The purpose of this article is to describe the implementation of clinical pharmacy services in the community medical center ED setting and report pharmacist intervention results collected during this implementation. Cost avoidance was also described using models described in prior literature.(6–8)
This study was conducted at a suburban 200-bed, for-profit, adult and pediatric community medical center. The ED is a 32-bed unit without trauma designation at the time of the study. In 2014, just over 55,000 patient visits were recorded and admission rates for the year were between 15% and 20%.
In 2013, medical center and pharmacy leadership identified an opportunity for initiation of clinical pharmacy services in the ED. Services were initiated in December 2013 with a single pharmacist working a 12:30pm–11:00pm shift, eight days on and six days off, while anticipating the approval of a second clinical pharmacist to provide seven-day a week coverage from noon to 11:30pm. Services were decentralized and no satellite pharmacy was implemented. Services provided by the clinical pharmacist in the ED included, but were not limited to, drug information consultation, pharmacokinetic consultation, emergency resuscitation team involvement, acute stroke patient care, medication order optimization, patient counseling, medication reconciliation prioritized for admitted patients, facilitation of medication delivery, nursing and provider education, and verification/clarification of medication orders on admission.
The clinical pharmacist responsible for initiating clinical services in the ED documented interventions accepted by providers or per hospital protocols in an electronic spreadsheet for each shift worked between January 1, 2014 and August 31, 2014. Prior to the study, it was determined that no patient-specific or patient-identifying information would be documented during the study, and only pharmacist intervention category details would be documented. As a result, medical center and pharmacy leadership determined that IRB approval was not necessary. Student pharmacists on rotation with the clinical pharmacist also contributed to the intervention numbers, particularly with respect to medication reconciliation. Intervention categories included: code participation, accepted medication recommendation or dosing recommendation, home medication reconciliation for an admitted patient, facilitation of medication delivery, and drug information provided. Code participation included clinical pharmacist involvement in advanced cardiac life support (ACLS). A home medication reconciliation was counted as one intervention for the reconciliation of a patient's complete medication list (as opposed to one intervention counted for each medication corrected). If at least one prescription medication or dose required a correction, addition, or subtraction, then one additional intervention was included.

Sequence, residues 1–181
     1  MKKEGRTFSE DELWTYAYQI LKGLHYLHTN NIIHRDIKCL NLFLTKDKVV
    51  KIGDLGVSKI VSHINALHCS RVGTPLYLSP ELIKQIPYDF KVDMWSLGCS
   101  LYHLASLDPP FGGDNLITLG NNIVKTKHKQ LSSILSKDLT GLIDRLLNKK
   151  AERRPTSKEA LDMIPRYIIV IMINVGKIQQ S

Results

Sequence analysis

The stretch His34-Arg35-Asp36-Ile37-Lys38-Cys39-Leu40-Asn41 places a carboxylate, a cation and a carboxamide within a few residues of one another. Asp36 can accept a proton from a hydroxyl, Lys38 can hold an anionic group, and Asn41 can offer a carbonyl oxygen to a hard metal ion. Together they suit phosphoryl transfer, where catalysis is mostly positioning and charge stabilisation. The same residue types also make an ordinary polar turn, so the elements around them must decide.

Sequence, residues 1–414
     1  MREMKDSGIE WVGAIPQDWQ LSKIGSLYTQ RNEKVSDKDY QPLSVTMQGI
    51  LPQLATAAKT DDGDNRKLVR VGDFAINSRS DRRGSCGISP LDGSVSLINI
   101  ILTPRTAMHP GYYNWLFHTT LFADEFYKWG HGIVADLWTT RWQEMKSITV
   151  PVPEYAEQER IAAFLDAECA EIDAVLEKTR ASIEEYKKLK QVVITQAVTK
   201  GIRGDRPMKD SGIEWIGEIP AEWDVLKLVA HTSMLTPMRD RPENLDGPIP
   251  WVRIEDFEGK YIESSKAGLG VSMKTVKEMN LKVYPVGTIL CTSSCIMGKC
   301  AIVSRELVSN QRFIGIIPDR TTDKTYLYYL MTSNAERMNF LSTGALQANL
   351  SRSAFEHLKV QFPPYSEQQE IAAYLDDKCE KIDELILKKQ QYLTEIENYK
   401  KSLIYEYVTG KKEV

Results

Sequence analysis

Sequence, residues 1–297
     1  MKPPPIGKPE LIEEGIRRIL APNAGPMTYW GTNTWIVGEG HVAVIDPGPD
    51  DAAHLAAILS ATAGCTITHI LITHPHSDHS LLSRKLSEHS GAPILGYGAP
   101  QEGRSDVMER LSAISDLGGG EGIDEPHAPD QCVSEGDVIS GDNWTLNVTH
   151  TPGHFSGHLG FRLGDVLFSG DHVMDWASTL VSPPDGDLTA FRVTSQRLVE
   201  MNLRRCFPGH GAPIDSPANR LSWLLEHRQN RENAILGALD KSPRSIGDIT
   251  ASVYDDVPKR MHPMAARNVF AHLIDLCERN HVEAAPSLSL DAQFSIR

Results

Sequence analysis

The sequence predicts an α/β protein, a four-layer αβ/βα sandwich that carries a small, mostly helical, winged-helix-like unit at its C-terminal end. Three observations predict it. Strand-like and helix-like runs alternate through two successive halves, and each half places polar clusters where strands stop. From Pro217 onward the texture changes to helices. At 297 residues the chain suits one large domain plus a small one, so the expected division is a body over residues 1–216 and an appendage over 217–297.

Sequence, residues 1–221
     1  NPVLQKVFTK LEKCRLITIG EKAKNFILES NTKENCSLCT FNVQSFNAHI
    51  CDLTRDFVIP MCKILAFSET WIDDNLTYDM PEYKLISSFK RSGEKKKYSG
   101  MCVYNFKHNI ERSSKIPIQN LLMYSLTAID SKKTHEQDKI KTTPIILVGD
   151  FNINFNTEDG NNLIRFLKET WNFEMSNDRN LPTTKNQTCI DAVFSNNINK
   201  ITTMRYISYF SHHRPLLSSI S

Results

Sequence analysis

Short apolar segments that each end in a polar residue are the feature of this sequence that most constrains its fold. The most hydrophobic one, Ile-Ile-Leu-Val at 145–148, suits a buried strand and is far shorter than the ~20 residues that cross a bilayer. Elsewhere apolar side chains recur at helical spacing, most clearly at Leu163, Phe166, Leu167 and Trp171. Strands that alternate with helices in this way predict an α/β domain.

Cost avoidance analysis was done for four categories of clinical pharmacist activities (code/team triage participation, accepted medication/dosing recommendations, medication reconciliation for admitted patients, and provision of drug information). For the purposes of this cost avoidance analysis, code/team triage participation was determined to be a comprehensive opportunity for the pharmacist to affect drug selection and dosing, and was analyzed accordingly. The model used for this cost avoidance analysis followed was explained by Lee and colleagues4 and also used by Lada and colleagues,(5) as well as Stevens and colleagues6 for three of the intervention categories (code participation, medication/dosing recommendations, and home medication reconciliation). In this model, a cost avoidance dollar amount was associated with each intervention and subsequently, an average probability of harm was associated with each intervention type based on the probability that harm would have occurred, had the pharmacist not intervened.(4–5) Cost avoidance estimates were adjusted to 2014 dollars according to the consumer price index (CPI) found on the US Bureau of Labor Statistics website.(20) According to these models, cost avoidance for the three intervention categories (code participation, medication recommendation, and medication reconciliation) totaled $1563 in cost avoidance dollars with an average probability of harm of 44%. Total cost avoidance was calculated by multiplying the number of interventions by $1563, and to factor in probability of harm, that product was multiplied by 0.44. Additionally, the home medication reconciliation cost avoidance category was further adjusted by 50% to account for the fact that not all medications reconciled are continued for the inpatient, and therefore the impact of a potential medication error is less than would have been assumed in the model described by Lee and colleagues. Cost avoidance estimates for drug information services were based on an estimation process described by Ling and colleagues.(7) Of note, drug information delivery to ED physicians, other ED providers (nurse practitioners and physician assistants), and ED nursing staff were considered an intervention.